by Kent Duryee
The Sonoran Desert;
Where is it?
Anza-Borrego Desert State Park lies within the north western Sonoran Desert. Named after the Mexican state of Sonora, this desert stretches from east of the Gulf of California, through Sonora and southern Arizona. It reaches north up through the Colorado River Delta area, (here properly called the Colorado Desert), and the Salton Trough/Imperial Valley, finally bordering the Mojave Desert just north of Palm Springs.
The Mojave/High Desert
The boundary between The Sonoran and Mojave Deserts is the subject of some debate, but it is agreed that the Sonoran Desert is a low desert, while the Mojave is a high desert. In the hills and plateaus above Palm Springs, the Sonoran and Mojave deserts mingle together, but at an elevation of about 4,000 feet, the Joshua Tree is found. This is considered to be a marker species of the Mojave Desert community. If you see a Joshua Tree, you are no longer in the Sonoran Desert.
The Colorado/Low Desert
photo by Don Gennero
map of the Sonoran Desert
Rain in the Desert
The San Andreas Fault System is one of the prime factors creating the Sonoran Desert Ecosystem in the Anza-Borrego region. Continued action of the faults that make up the San Andreas system has created a huge trough which contains the Salton Sea at its bottom. The mountains produced by these faults dictate the weather in the area to a large extent. In fact, because of the "rain shadow" produced by the mountains to the west, the average annual rainfall in the Anza-Borrego region is only 7 inches.
Image by University of Connecticut
Bordering the Salton Trough to the west are the Peninsular or coast ranges, including the Santa Rosa and Laguna Mountains. Storms moving east from the Pacific are blocked by these ranges, and drop most of their moisture over the coastal plains to the west. This phenomenon is known as a rain shadow. Another famous example of a rain shadow desert in California is Death Valley. Lying the shadow of the Sierra Nevada, Inyo and Panamint mountain ranges, Death Valley is the driest place in North America.
Some rain of course does reach Anza-Borrego. The winter months of January through March bring most of the rainfall for the year. These storms come in from the North Pacific and the Gulf of Alaska, but are sapped of much of their energy by the effects of the rain shadow. In the summer months, especially August and September, the monsoon action from the Gulf of California is the dominant weather pattern, and thunderstorms regularly ravage the desert and surrounding mountains. There is no interveening mountain range to stop this flow of warm, moist air. This is the time of the flash flood and the hail storm, and caution should be exercised when visiting the desert at this time of year.
What rain does fall on the desert is responsible for the famous wild flower displays of the early spring in Anza-Borrego. A perfect combination of rain in both wet seasons results in an un-rivaled display of flowers from February through March and into April. The last strong wildflower year as of this writing, (June, 2002), was 1998, an El Niņo year. Rumor has it that the coming winter will bring another El Niņo pattern to the Southern California deserts, so hopefully Spring 2003 will be another great year for the annuals.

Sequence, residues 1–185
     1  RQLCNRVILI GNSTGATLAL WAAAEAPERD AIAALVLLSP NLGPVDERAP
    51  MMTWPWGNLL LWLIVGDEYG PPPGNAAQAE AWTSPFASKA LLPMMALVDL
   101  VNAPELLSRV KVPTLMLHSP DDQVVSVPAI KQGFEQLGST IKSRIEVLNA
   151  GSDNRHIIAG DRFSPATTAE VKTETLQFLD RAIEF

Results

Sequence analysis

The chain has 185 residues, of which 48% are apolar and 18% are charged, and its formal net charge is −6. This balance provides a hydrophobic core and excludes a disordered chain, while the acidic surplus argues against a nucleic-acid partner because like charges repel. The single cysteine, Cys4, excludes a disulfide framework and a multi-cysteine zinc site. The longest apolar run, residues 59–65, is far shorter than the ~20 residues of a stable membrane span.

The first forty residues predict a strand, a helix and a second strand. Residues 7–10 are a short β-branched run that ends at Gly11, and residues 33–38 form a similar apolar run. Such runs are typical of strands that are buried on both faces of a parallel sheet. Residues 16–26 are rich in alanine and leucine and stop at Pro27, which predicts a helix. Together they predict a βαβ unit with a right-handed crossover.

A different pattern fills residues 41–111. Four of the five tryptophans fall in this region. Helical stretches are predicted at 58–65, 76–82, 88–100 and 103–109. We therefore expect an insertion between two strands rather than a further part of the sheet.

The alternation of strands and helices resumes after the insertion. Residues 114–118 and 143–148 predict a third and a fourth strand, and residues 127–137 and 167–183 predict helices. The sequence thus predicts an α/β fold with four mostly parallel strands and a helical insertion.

cactus in Little Blair Valley
Life in the Desert
Like most deserts, the Anza-Borrego is a place of extremes. Rainfall averages only 7 inches per year. Temperatures can reach 120 degrees or more in the summer. It has been known to snow even in the lower reaches of the park in winter. Trees such as the Washingtonia Palm and the Cottonwood can only grow near springs and ephemeral streams because of the scarcity of water. Anza-Borrego is known internationally for the spectacular displays of wildflowers that carpet the park in late winter and early spring.
This land of extremity produces an incredible wealth of life. Plants found in the region include the ocotillo, creosote, desert lavender, century plant, salt brush, jojoba, acacia, mesquite, Washingtonia palm and the smoke tree, to name only a very few of the more noticeable plants. Birds known to inhabit and visit the region include the White wing dove, LeConte's Thrasher, Phainopepla, California Roadrunner and Bell's vireo. Other animals include the magnificent Desert big horn sheep, Mountain lion, Bobcat, Antelope squirrels and of course Rattlesnakes.
Each of these forms of life has developed its own unique means of dealing with the harsh environment of the desert. These adaptations all have one thing in common, and that is the conservation of water. Water is the single most important material in the desert. It is also the most rare and precious material found. The scarcity of water mutes the vibrant greens of plants, and creates a canopy of growth near ground level, quite different from the lush greenery found in more well-watered regions. The desert is a place of subtlety and nuance, and must be approached from a completely different frame of mind. To see the interactions and finer points, you have to dive in. Southwestern writer Edward Abbey put it this way in his book Desert Solitaire:
"Do not jump into your automobile next June and rush out to the [desert] hoping to see some of that which I have attempted to evoke in these pages. In the first place you can't see anything from a car; you've got to get out of the goddamned contraption and walk, better yet crawl, on hands and knees, over the sandstone and through the...cactus. When traces of blood begin to mark your trail you'll see something, maybe."